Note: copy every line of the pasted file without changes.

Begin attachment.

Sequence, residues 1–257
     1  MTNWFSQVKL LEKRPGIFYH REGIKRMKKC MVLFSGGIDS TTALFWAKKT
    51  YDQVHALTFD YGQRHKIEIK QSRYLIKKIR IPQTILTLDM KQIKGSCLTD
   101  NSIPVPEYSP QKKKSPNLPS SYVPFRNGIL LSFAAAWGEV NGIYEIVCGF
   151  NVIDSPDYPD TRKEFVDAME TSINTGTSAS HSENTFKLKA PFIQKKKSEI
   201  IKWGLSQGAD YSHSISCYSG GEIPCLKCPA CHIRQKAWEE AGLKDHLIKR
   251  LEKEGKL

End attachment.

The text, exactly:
Sequence, residues 1–257
     1  MTNWFSQVKL LEKRPGIFYH REGIKRMKKC MVLFSGGIDS TTALFWAKKT
    51  YDQVHALTFD YGQRHKIEIK QSRYLIKKIR IPQTILTLDM KQIKGSCLTD
   101  NSIPVPEYSP QKKKSPNLPS SYVPFRNGIL LSFAAAWGEV NGIYEIVCGF
   151  NVIDSPDYPD TRKEFVDAME TSINTGTSAS HSENTFKLKA PFIQKKKSEI
   201  IKWGLSQGAD YSHSISCYSG GEIPCLKCPA CHIRQKAWEE AGLKDHLIKR
   251  LEKEGKL